...242 returns of the Moon to a particular Node.......6585.36
....19 returns of the Sun to the same Node............6585.78

...233 Synodic months.................................6585.32

Saturn chasing the Moon. This is one of the most powerful of Saturnian conditions. Since the progressed
Moon takes twenty-eight and Saturn thirty years to complete the circle, the two may in rare cases,
approximately coincide. An affliction of the Moon by Saturn is of itself one of the most unfortunate of aspects;
for when the aspect is close and the progressing Moon moves at about the same rate as Saturn, a transit of
Saturn to the Moon can persist indefinitely - often for a lifetime: thus resulting in a double affliction. However,
the condition can occur only where the Moon at birth is in conjunction, square or opposition to Saturn.

Saturnine. One of a dour disposition - a meaning borrowed wholly from Astrology, which defines it as one
who has a strong Saturn accent.
Saturnalia. The Roman festival of Saturn which annually on Dec. 17 began a week of feasting.

Satellite. A planet or moon that revolves about another. The Moon is a satellite of the Earth; and according to
Newton, both are satellites of the Sun. In modern Astrology it is confined to a body which revolves around one
of the planets in our solar system.

Satellitium. Stellium. A group of five or more planets in one Sign or House. In an angle it portends great
changes of fortune, the good and the bad coming in patches. Heavy falls are succeeded in due course by a
spectacular comeback, and vice versa. Such persons usually have many acquaintances, but few real friends.
They can hardly fail of considerable recognition at some periods of their lives.

Scorpio. The eighth sign of the zodiac. v. Signs.

Secondary Progressions. Zodiacal aspects formed by the orbital motions of the planets on successive days
after birth, each day accounted the equivalent of one year of life. Aspects are calculated to the birth positions of
the luminaries, planets and angles, and mutual aspects are formed between the progressed planets. The
application of this system of forecasting future conditioning that may be expected to crystallize in events,
involves the directing of the Midheaven, Ascendant and the Sun by their natural progress in the heavens after
birth. The Sun and the Midheaven progress at an average rate of 59'08" per day (the so-called "Naibod Arc"),
to form aspects to the radical positions of the planets, while the planets move at varying rates to form aspects to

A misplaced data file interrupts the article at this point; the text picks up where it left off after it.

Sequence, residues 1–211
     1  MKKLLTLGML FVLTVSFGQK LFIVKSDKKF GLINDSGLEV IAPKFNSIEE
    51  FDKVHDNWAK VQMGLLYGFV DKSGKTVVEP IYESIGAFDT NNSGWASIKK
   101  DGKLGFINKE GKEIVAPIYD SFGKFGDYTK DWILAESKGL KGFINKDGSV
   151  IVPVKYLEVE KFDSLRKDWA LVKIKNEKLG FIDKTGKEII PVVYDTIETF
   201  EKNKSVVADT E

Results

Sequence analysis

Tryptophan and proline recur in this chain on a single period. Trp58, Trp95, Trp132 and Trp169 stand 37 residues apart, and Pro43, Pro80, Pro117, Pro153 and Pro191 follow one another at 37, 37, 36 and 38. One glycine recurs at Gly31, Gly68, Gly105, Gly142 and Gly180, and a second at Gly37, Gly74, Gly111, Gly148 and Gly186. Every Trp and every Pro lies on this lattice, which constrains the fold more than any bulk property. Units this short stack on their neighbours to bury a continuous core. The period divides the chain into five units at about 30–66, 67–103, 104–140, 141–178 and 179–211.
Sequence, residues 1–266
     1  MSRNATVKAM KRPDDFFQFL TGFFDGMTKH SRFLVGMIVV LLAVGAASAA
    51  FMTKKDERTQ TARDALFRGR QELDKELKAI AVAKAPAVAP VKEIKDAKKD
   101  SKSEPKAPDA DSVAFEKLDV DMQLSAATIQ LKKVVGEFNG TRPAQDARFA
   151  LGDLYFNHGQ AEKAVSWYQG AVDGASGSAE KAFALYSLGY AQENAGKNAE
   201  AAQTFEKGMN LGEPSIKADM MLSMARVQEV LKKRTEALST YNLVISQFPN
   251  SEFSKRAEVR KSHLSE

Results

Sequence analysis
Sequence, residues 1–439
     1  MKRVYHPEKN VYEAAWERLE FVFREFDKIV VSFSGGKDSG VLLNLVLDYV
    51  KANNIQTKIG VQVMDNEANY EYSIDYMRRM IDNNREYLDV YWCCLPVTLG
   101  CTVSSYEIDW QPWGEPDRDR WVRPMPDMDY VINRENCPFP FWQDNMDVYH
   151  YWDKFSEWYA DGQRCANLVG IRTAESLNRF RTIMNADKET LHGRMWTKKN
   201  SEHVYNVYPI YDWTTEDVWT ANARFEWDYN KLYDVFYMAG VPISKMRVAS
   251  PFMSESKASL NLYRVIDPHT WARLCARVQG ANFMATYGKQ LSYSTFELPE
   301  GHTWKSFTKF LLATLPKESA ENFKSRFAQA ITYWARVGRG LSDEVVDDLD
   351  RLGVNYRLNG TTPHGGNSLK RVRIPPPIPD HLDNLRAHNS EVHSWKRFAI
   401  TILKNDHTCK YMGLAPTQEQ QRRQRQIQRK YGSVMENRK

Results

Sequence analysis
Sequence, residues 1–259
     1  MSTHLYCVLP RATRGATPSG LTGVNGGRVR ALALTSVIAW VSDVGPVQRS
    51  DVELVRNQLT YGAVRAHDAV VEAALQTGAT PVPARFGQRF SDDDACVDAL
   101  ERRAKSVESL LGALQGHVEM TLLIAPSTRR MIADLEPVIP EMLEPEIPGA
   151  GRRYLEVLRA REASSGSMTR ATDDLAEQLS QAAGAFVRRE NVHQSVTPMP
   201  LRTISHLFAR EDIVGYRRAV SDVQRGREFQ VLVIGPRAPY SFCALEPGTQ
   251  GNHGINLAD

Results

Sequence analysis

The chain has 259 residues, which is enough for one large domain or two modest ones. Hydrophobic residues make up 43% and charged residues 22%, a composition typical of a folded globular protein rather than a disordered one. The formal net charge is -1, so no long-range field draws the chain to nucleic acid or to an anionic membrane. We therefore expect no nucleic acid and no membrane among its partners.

the radical positions of the Significators. The most dependable factor in Secondary Progressions is the
advancing of the progressed Moon, forming aspects to the radical and progressed places of the planets and to
the places of the Significators, which are interpreted according to the places in which the aspects fall by Sign
and House.

With specific reference to the progressions of the Moon it is generally considered: that such aspects produce
strong though gradual effects of about one month's duration; that the month when the progressed Moon is
approaching a square to her own radical place is generally marked by accidents and infirmities, the next
preceding semi-square usually giving an indication of the nature of the crisis or physical ailment that can be
expected to develop; that trine and sextile aspects of the transitory and of the progressed Moon to the radical
Moon generally outline favorable days and months; and that square and opposition aspects also strongly
influence and that adversely, forming critical periods around the 7th, 14th, 21st and 28th day and year.

In general it is held that directions act in terms of the Radix and that when the Nativity is unfortunate no
favorable direction can have the same efficacy as an adverse one; and vice versa when the Nativity is fortunate.
In other words, the accidental good cannot overcome the radical evil. (v. Radix System.)

The revised Sepharial Dictionary defines Secondary Progressions somewhat misleadingly as those based upon
the progress of the Moon in the zodiac. However, the aspects formed by the Moon in the Secondary system are
important, and some authorities hold that unless they are of the same nature as the Primary Directions, hence
tend to strengthen their operation, the primary directions will have little effect; but when they do coincide, a
decided influence will be traceable in the life of the person whose chart is under consideration. According to
this a Primary Direction would not function until such time as the progressed Moon forms an aspect of a
similar nature. v. Directions.

In calculating Progressions by the system of taking the positions of the planets as given in the Ephemeris for
the next day following birth, as the equivalent of their progressed positions at the end of the first year of life,
use may be made of this table. [Apolo's Note: 'd.' means 'day'; 'h.' means 'hour(s)'; 'm.' means 'minute(s)'; 's.'
means 'second(s)'.]

......1 d. = 1 year
......2 h. = 1 month

.....30 m. = 1 week
......4 m. = 1 day
......1 m. = 6 hours
.....10 s. = 1 hour

......1 s. = 6 minutes

Seer. One who sees; a crystal gazer; a person endowed with second sight; one who foresees future events - a
prophet; astrologically, one whose extra-sensory perceptions enable him to vizualize the ultimate effects that
will result from the cosmic causes portrayed in a birth Figure.

Semi-Arc. That portion of a celestial body's apparent daily travel, during which it remains above the horizon,